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news and press Press releases Crises affect health and happiness of more than 4 in 10 Dutch citizens
Press Utrecht 17 November 2023 09:00 EU/Amsterdam

Crises affect health and happiness of more than 4 in 10 Dutch citizens

Multiple crises within and outside the Netherlands are causing the Dutch population growing distress. These crises impact on the health and happiness of more than 4 in 10 Dutch citizens. Three quarters of the population find that their concerns have an impact on their own resilience; this applies for almost 9 in 10 of young people aged 18 to 35. 

Most of their worries relate to inflation (64%), wars (57%) and to the costs of, and access to health care (51%). These are followed by issues such as the housing shortage (48%), the climate (46%), migration (39%) and livelihood security. This is shown by an a.s.r. survey into how concerns about national and global events affect the resilience of the Dutch population and the impact that this has on wellbeing and health.

Four in 10 Dutch citizens worry daily about developments in the Netherlands and elsewhere and say that they increasingly experience negative emotions. The highest scores are given for uncertainty (53%), sombreness (41%) and stress (29%). The coronavirus pandemic appears to have been a starting point; more than 6 in 10 say that their worries have increased since then. Nevertheless, pandemics as such are no longer the main reason why the Dutch are losing sleep; 21% of respondents said that they (still) worry about pandemics. Student debt was the only cause for concern with a lower score, of 9%. 

Concerns vary by age group

Different age groups have different responses to the causes for concern. The oldest age group (56+) stated that its main causes for concern are wars (70%), health care costs/access to health care (65%), the climate (55%) and migration (51%). Young people (aged 18 to 35) primarily express concern about inflation (70%), housing shortages (61%) and wars (45%). The group aged 36 to 55 is primarily concerned about inflation (63%) and wars (52%).

The emotional responses also vary by age group. Apart from the fact that all age groups assign the highest scores to uncertainty, young people experience notably more stress (48%), anxiety (33%) and despair (20%) than the other groups. Besides uncertainty, the 36 to 55 and 56-plus age groups have higher scores for sombreness ( 41% and 45% respectively) than young people (36%).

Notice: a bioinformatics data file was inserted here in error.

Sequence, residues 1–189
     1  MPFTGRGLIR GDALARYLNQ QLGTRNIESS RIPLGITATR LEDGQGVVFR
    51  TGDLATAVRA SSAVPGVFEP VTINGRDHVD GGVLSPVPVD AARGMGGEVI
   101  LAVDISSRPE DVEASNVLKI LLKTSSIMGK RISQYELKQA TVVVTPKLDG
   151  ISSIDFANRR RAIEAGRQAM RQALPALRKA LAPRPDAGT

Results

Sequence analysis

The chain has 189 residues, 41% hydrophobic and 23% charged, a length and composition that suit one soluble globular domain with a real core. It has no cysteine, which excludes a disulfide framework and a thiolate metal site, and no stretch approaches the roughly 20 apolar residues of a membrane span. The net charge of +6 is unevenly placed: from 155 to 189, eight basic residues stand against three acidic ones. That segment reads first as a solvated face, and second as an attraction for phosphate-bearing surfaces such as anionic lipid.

Relationship of resilience to happiness and health

The survey showed that the lower a person’s resilience, the greater the negative impact on health and happiness. Respondents who assigned a low score to their own resilience noticed the negative impact of this on their health (93%) and happiness (94%). People who described their resilience as ‘satisfactory’ or ‘good’ felt that impact less sharply.

Young people assign their resilience the lowest score of all age groups, of 6.9 out of 10, compared with 7.0 for the 35 to 55 group and 7.4 for the 56-plus group. Young people also notice a greater negative impact of the crises on their happiness and health. Only 13% of the youngest age group said that recent developments had not had any effect on their happiness and 17% noticed no effects on their health. The 56-plus age group appears to be the most stable; 23% experienced no impact on their happiness and 34% experienced no impact on their health.

In terms of work status, pensioners assign themselves the highest score, of 7.5, for resilience. Respondents who are employed assigned themselves an average of 7.2. Respondents who are not working* gave themselves the lowest score, of 6.4. 

‘I bounce back’

The Resilience Survey, involving a representative survey of more than 1,000 Dutch citizens, was conducted by a.s.r. this autumn to support its Ik veer mee (‘I bounce back’) programme. In addition to providing good health care insurance, a.s.r. aims to help people to deal with unexpected setbacks in life with greater resilience. Participants in the programme can test their resilience and then work on the Five Themes of Resilience: meaning, positive emotions, social support, dealing with change and physical fitness. The programme is available for everyone and teaches participants how to train their resilience. The resilience test has now been completed more than 13,000 times. 

(*not working, but below retirement age, e.g. unemployed, disabled, job-seeker).

Full report is in Dutch (no translation available)

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